New Nationals Uniforms

New Nationals uniforms were unveiled in a ceremony this afternoon at ESPN Zone in downtown DC. Nationals radio broadcaster Charlie Slowes was on hand along with manager Manny Acta, outfielder Lastings Milledge, and members of the Nat Pack to show off changes which included new home white uniforms and new home red uniforms with minor changes, plus entirely new alternate blue uniforms, and new road gray uniforms with a script “Washington” across the chest.

New Nationals road uniforms feature a curly W and script Washington to replace the old uniform's block letters.

New Nationals uniforms include this "alternate blue" uniform with red, white, and blue DC logo to be worn for a select few home games in 2009.

New Nationals uniforms include this sure-to-be-controversial new alternate blue uniform with red, white, and blue DC logo to be worn for a select few home games in 2009.

I’m not sure how the Nationals players will look in the new alternate blue uniform, but I’ll bet it would look good on Teddy. It looks sort of slimming…

I was not able to make the event, but intrepid Nationals fan SBF over at Nats320 has a comprehensive review of the day’s festivities.

I Think I’m Going to Like Chico Harlan

Those of you who get your Nationals news from blogs and feed readers may have not have noticed a big change in Nationals coverage over at the Washington Post.

Barry Svrugla, who had covered the Nationals beat since the team first moved to DC, recently moved on
to cover the Redskins.

Barry is great at what he does, and helped bring the
Post into the 21st century with his frequent and candid posts on the Nationals Journal blog. I was sad to see him move on from the Nats beat.

However, in just a few short weeks, Svrugla’s replacement Chico Harlan has proven to be razor sharp with the pen. In today’s Post Harlan paints a painful picture of pitcher Odalis Perez’s day, battling through 6+ innings just hours after undergoing an emergency root canal. Great stuff.

Some of the other memorable gems Harlan has given us in this short season:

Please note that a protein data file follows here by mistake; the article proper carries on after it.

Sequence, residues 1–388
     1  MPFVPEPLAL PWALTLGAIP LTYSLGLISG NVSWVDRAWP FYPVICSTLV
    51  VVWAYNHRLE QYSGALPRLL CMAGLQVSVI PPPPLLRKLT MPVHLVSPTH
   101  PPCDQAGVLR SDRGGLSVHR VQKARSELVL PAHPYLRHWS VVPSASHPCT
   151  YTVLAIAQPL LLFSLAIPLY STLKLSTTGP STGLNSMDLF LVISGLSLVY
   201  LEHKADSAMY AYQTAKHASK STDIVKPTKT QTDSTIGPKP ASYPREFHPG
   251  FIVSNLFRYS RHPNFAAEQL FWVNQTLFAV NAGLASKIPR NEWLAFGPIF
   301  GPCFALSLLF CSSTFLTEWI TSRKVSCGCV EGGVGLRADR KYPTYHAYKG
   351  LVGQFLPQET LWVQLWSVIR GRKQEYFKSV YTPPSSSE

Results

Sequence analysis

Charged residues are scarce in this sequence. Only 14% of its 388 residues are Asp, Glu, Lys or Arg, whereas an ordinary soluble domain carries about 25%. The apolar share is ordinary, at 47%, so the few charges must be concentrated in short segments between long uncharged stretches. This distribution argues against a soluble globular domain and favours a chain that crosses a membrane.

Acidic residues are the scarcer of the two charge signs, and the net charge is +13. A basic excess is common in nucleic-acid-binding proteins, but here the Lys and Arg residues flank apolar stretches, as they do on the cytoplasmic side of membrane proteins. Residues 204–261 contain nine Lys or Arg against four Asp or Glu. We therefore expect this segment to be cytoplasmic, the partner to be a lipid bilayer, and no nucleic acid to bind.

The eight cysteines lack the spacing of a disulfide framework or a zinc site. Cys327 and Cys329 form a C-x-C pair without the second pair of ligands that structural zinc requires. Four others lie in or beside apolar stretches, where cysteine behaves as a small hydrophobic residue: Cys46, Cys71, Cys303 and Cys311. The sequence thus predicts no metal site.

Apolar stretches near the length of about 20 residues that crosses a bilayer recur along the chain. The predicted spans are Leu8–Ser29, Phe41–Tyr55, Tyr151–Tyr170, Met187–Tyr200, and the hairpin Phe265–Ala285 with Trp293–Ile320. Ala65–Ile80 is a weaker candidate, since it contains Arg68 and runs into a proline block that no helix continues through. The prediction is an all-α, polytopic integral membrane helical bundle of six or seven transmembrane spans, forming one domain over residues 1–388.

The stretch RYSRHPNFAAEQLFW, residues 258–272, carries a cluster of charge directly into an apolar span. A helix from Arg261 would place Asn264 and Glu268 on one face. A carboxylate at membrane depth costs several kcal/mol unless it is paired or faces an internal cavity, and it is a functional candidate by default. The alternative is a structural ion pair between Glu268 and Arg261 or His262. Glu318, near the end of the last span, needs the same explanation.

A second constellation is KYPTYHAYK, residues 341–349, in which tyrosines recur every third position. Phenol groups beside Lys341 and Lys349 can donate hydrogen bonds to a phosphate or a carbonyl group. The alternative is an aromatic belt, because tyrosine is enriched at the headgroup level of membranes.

On a 12-2 drubbing at the hands of the Phillies:

Certainly science has a name for this, the kind of implosion too vast for common math to quantify.

On the trials of starting young players:

Milledge and Dukes are both 23. Peña is 25. Whether they flourish or flounder, they will play. Sometimes, they will play games like this one.

On the anemic Nationals offense:

With the season 47 games old, they’re still waiting for the offense to break from its sleepwalk. They’re still waiting for a lineup to produce with runners in scoring position. They’re still waiting for results to catch up with logic, because an entire roster of hitters can only flounder below their career averages for so long, right?

On Manager Manny Acta’s shaved head:

With a razor, using the same technique that Carlos Delgado once taught him, Acta shaved the stubble from his head. He was ready for a clean start. Head fully Mr. Cleaned, Acta then turned to his next cleanup job — the team outside his office door.

On Shea Stadium:

Shea Stadium, decrepit and months from demolition, deserved a game like this one — filled with both trash and trash talk.

Yes, I think I’m going to like Chico Harlan.

Since When Was Cheering Unprofessional?

New York Mets losing pitcher Nelson Figueroa, after last night’s 10-4 defeat at the hands of the Washington Nationals, called the Nationals players — led by Elijah Dukes — “truly unprofessional” for cheering loudly from the visitor’s dugout at Shea Stadium.

“They were cheerleading in the dugout like a bunch of softball girls,” Figueroa, said. “I take huge offense to that. If that’s what a last-place team needs to do to fire themselves up, so be it. I think you need to show a little bit more class, a little bit more professionalism. They won tonight, but again, in the long run, they are who they are.”

Yes Nelson, and the Mets have reminded us who they are as well. Last off-season, Lastings Milledge was run out of town by his Mets teammates for such unprofessional behavior as high-fiving after making a big play. I think I’ll take a team full of young, enthusiastic players who never quit when they’re down over a bunch of overpaid underachievers who choke in the stretch and point fingers afterwards.

Am I wrong? Since when was cheering for your team unprofessional?

Photo by flickr user tagvestibule

Lastings Milledge in the Presidents Race?

Could Lastings Milledge don the Teddy Roosevelt costume?Presidents race watchers should take note to watch manager Manny Acta’s lineup card this season to see whether he’s given center fielder Lastings Milledge the day off.

In a video interview on Friday, Lastings Milledge tells the Washington Post that he plans to take the first opportunity to help Teddy win the presidents race.

“I’m gonna dress up as Roosevelt. I’m gonna win for him,” Milledge said. “If I get an off day I’m gonna ask Manny if I can dress up and win one.”